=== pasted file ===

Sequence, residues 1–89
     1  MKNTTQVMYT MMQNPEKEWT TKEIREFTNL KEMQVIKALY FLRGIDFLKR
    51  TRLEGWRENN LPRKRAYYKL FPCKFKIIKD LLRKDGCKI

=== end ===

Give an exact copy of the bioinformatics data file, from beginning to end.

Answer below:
Sequence, residues 1–89
     1  MKNTTQVMYT MMQNPEKEWT TKEIREFTNL KEMQVIKALY FLRGIDFLKR
    51  TRLEGWRENN LPRKRAYYKL FPCKFKIIKD LLRKDGCKI